RBA Says Low-Rate Led Home Price Gains Won’t Last Forever

The Reserve Bank of Australia said an upswing in property prices fueled by record-low interest rates can’t go on forever and lenders should avoid relaxing standards to boost profits.

“While rising housing prices and greater household borrowing are expected results from the monetary easing that has taken place and are helping to support residential building activity, they also have the potential to encourage speculative activity,” the RBA said in its semiannual financial stability review in Sydney. “It is important for both investors and owner-occupiers to understand that a cyclical upswing in housing prices when interest rates are low cannot continue indefinitely.”

The central bank lowered borrowing costs by 2.25 percentage points in an almost two-year easing cycle to a record-low 2.5 percent in August last year, seeking to boost industries like construction as mining investment ebbs. The reductions have fueled the property market, with prices in Sydney, the nation’s biggest city, jumping 14.1 percent in the year through Feb. 28.

The RBA noted today that the share of households favoring real estate as the best use of their savings has risen to a level approaching that of the early 2000s property market boom.

“More generally, the overall financial position of the household sector was little changed in 2013 and indicators of financial stress generally remain low,” the central bank said. “There are indications that some lenders are using less conservative serviceability assessments when determining the amount they will lend to selected borrowers.”

APRA Guidelines

The Australian Prudential Regulation Authority will issue its expectations for prudent home loan practices, which should help banks stay vigilant in maintaining lending standards, the RBA said. Andrew McCutcheon, a Sydney-based spokesman for APRA, wouldn’t comment on when the guide would be released.

Commonwealth Bank of Australia, Westpac Banking Corp., Australia & New Zealand Banking Group Ltd. and National Australia Bank Ltd. -- named the four pillar lenders for a law that prevents them from buying each other -- reported A$14 billion combined profit for their latest six-month results, about 23 percent higher than the corresponding period a year earlier, the central bank said.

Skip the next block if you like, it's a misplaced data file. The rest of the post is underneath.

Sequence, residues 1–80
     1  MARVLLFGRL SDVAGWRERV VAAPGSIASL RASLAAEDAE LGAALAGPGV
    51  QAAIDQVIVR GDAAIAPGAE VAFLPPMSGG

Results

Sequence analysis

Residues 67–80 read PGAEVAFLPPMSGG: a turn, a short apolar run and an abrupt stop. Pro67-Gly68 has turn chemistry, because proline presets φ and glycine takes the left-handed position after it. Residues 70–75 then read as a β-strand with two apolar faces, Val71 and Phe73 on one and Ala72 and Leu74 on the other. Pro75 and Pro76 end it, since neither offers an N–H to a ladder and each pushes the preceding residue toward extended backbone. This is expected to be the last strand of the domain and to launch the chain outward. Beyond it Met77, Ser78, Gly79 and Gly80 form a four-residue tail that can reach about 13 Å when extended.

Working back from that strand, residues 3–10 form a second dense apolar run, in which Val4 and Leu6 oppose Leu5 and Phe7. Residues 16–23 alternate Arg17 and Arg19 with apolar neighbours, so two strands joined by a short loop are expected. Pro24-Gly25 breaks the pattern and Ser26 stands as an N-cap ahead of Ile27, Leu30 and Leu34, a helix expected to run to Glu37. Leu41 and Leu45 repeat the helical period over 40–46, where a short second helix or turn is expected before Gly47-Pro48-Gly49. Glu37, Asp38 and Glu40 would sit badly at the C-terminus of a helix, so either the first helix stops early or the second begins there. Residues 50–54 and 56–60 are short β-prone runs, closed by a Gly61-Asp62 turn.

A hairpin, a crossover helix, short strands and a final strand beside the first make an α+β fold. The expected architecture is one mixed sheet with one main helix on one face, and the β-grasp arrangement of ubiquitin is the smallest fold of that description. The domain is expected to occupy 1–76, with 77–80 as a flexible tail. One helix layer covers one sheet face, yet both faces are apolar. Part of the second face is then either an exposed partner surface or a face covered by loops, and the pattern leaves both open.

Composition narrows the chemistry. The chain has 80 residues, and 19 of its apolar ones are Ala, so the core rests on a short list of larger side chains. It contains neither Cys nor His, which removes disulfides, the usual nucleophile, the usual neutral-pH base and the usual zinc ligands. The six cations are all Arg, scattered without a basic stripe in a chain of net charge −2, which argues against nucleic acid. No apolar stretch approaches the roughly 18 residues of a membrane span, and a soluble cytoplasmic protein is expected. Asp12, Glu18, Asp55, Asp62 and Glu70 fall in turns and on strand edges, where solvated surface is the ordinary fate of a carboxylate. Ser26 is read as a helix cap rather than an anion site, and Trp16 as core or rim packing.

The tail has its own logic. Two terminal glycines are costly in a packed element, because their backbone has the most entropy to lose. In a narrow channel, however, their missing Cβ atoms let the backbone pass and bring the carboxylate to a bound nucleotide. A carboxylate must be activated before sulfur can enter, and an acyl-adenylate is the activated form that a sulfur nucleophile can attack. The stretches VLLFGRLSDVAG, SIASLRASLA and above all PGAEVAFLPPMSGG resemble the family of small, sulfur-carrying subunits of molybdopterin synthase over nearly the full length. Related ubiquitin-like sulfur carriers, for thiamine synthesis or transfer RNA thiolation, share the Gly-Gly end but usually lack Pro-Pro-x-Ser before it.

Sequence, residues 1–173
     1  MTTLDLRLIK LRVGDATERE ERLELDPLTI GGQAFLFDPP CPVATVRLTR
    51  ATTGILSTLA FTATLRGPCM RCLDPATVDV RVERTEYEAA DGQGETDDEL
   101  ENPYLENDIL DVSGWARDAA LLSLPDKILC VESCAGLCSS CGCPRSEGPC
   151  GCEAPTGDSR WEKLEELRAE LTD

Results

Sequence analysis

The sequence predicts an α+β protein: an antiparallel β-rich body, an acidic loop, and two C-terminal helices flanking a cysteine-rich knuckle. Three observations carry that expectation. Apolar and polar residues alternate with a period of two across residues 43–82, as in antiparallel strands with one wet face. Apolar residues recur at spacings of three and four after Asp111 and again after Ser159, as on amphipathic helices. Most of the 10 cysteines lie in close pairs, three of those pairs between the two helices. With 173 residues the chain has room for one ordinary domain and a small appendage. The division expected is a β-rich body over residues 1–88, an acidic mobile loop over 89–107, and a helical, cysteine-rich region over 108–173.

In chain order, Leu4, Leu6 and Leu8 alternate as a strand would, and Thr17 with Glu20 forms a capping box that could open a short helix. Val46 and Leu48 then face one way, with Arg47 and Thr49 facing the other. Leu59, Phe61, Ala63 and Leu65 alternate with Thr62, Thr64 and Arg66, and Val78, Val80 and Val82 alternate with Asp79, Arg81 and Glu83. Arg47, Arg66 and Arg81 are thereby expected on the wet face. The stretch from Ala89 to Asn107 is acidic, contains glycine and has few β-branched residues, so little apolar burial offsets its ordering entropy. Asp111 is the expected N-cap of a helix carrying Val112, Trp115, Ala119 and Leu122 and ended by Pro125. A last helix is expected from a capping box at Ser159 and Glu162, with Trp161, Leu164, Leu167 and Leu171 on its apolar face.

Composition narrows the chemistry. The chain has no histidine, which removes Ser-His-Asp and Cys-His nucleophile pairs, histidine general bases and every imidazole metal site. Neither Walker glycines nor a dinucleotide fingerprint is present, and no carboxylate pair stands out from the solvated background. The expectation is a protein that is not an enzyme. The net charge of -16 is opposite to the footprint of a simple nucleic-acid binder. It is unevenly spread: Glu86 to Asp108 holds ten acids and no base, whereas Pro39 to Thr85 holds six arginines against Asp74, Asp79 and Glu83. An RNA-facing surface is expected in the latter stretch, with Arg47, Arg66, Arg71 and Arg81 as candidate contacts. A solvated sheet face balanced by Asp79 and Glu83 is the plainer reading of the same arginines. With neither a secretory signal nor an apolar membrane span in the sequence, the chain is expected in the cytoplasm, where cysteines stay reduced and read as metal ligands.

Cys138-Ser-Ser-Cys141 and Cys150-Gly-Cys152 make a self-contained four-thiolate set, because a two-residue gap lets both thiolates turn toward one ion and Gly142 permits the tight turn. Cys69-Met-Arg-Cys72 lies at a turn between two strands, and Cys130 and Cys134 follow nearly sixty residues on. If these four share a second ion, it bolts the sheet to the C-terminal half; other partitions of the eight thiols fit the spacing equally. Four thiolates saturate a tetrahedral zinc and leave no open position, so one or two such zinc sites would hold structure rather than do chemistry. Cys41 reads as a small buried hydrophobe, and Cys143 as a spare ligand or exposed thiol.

“With banks’ bad and doubtful debt charges now at relatively low levels, and in an environment of moderate credit growth, the sources of profit growth may be more limited in the period ahead,” the RBA said. “It will be important for financial stability that banks do not respond by unduly increasing their risk appetite or relaxing their lending standards.”

Spending Firepower

Australian households retain firepower for higher spending: The savings rate declined to 9.7 percent in the final three months of 2013, the first time it has dropped below 10 percent since 2010. It had fallen to a low of minus 0.1 percent in 2006.

Many households have used lower rates to accelerate repayment of their home loans. Mortgage buffers have risen to almost 15 percent of outstanding balances, which is equivalent to about 24 months of total scheduled repayments at current interest rates, the central bank said.

Australia’s household debt-to-income ratio stands at 147.9 percent, compared with a record 153.2 percent in 2006, RBA data show. The nation’s unemployment rate is at a more than 10-year high of 6 percent.

“Household gearing and indebtedness remain around historically high levels; hence, with the unemployment rate trending upwards, continued prudent borrowing and saving behavior is needed to underpin households’ financial resilience,” the central bank said.

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